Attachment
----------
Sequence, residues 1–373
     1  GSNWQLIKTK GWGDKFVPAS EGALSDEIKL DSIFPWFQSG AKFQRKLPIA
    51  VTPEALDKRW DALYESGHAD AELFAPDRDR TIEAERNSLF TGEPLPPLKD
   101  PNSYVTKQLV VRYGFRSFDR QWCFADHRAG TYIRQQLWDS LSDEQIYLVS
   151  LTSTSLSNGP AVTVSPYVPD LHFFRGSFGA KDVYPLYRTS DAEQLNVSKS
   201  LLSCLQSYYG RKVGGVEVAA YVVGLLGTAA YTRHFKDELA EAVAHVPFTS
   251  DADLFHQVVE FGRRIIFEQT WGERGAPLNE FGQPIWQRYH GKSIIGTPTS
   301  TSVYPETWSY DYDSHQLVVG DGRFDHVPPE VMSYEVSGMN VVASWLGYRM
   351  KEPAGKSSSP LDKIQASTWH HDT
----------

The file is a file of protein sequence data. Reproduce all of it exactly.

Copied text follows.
Sequence, residues 1–373
     1  GSNWQLIKTK GWGDKFVPAS EGALSDEIKL DSIFPWFQSG AKFQRKLPIA
    51  VTPEALDKRW DALYESGHAD AELFAPDRDR TIEAERNSLF TGEPLPPLKD
   101  PNSYVTKQLV VRYGFRSFDR QWCFADHRAG TYIRQQLWDS LSDEQIYLVS
   151  LTSTSLSNGP AVTVSPYVPD LHFFRGSFGA KDVYPLYRTS DAEQLNVSKS
   201  LLSCLQSYYG RKVGGVEVAA YVVGLLGTAA YTRHFKDELA EAVAHVPFTS
   251  DADLFHQVVE FGRRIIFEQT WGERGAPLNE FGQPIWQRYH GKSIIGTPTS
   301  TSVYPETWSY DYDSHQLVVG DGRFDHVPPE VMSYEVSGMN VVASWLGYRM
   351  KEPAGKSSSP LDKIQASTWH HDT